Finian argues relationships are hugely important, and the way people are hearing about, experiencing, and understanding what regenerative agriculture has to offer. It probably is the tip of the spear. Kiss the Ground has been going for 10 years. Finian tells us about the job they’ve done on building relationships with leading farmers. A really important point as they help them assess the approach, the who and the how.

“I’ve known Will Harris for a very long time now. So there’s a trust there, and even if we might have even slight disagreements on some things across the board, we know we’re working together to move regenerative ag forward.” – Finian Makepeace

“When the questions come back, when those questions are answered from a farmer, and those examples are given point blank, it does change how people think, and especially this conversation being new. A lot of these staffers are great people on both sides of the aisle. It’s been amazing to sit with these staffers and let them have the aha moments.” – Finian Makepeace

WHERE HE WOULD PUT 1B TO WORK

“I think what I would do is invest in regenerative grazing.” – Finian Makepeace

“You look around… how many ranches are out there, underperforming, they’re doing grass- fed, even. So taking the grass-fed folks and trying to speed up their transition to regenerative grazing, such that they’re having a bunch of wins with all their environmental stuff, which we could track for later, accounting, but more importantly, in the immediate, increasing their biomass, getting their herd size up, so that they can produce more and be more profitable, but then having a way to deliver that meat, aggregating it pockets around the country, so they are able to deliver that meat to those who are wanting it in a bigger way.” – Finian Makepeace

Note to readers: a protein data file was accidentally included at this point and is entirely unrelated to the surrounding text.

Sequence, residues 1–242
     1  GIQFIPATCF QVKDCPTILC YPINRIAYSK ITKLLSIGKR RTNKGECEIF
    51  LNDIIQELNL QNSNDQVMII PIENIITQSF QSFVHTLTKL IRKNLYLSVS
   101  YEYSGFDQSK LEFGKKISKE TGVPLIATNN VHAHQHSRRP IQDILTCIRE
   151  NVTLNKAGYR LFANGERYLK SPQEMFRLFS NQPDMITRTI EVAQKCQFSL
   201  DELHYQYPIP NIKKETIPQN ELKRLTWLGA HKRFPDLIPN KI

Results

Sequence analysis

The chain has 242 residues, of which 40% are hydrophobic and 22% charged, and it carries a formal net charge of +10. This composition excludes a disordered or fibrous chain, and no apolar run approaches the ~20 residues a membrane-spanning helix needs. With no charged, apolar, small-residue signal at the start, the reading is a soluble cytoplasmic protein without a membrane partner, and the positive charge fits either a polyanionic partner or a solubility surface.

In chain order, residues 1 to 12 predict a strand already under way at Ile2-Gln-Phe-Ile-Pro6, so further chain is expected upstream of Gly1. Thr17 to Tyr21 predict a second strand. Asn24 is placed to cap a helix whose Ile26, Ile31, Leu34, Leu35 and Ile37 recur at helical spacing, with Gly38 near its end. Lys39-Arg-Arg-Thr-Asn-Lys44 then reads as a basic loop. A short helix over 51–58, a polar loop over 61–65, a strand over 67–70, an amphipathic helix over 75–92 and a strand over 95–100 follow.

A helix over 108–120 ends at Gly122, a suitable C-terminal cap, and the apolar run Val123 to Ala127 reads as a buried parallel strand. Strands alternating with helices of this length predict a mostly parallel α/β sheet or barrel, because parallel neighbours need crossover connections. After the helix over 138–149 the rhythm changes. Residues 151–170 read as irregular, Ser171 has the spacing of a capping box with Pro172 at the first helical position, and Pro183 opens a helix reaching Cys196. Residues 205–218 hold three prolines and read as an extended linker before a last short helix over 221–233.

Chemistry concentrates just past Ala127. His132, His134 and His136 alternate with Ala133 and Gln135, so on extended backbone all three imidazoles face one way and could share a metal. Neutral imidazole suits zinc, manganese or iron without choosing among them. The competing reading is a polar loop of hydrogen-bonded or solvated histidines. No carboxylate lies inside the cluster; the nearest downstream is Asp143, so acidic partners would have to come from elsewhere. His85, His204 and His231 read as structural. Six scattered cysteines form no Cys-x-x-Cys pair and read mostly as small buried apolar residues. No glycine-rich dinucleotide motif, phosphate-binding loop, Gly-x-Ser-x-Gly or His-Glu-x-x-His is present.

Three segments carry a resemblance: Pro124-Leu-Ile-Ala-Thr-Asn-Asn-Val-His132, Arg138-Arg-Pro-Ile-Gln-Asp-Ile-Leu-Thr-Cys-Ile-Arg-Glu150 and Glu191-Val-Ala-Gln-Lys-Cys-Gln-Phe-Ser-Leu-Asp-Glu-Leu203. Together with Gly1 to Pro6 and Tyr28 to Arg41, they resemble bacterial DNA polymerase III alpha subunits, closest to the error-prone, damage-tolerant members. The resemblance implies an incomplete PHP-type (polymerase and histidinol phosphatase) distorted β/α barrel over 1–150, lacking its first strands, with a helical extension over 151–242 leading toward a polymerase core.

“The regenerative way has so much there, but what it needs is aggregation. And there’s room to do that, but also the education of these ranchers”. – Finian Makepeace

“Helping ranchers towards their regenerative future and aggregating for them that’s what I would do with that money.” – Finian Makepeace

WHY FINIAN IS OPTIMISTIC

Finian speaks of the possibilities when regeneration happens, where entire populations were taken out of poverty, and not because of some handout from the government, or food aid shipped from the United States. That happened because they regenerated their base of their existence, and their water and their food system was replanished.

“I’m optimistic. Are we going to do it? Probably not. But I’m optimistic because once there’s a turning point, I do think that there’s possibilities of incredible things to happen here. When we change our mindset, and our thinking, and what’s possible with our actions, we do have nature’s 500 million years of research and development on our side, at our back, we only have to go down the current with it” – Finian Makepeace

OTHER POINTS DISCUSSED:

Koen and Finian also talked about:

  • Connecting people to regenerative agriculture
  • The biggest problem with technology solving the problems

LINKS:

LINKED INTERVIEWS:

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Feedback, comments, suggestions? Reach me via Twitter @KoenvanSeijen, in the comments below or through Get in Touch on this website.

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The above references an opinion and is for information and educational purposes only. It is not intended to be investment advice. Seek a duly licensed professional for investment advice.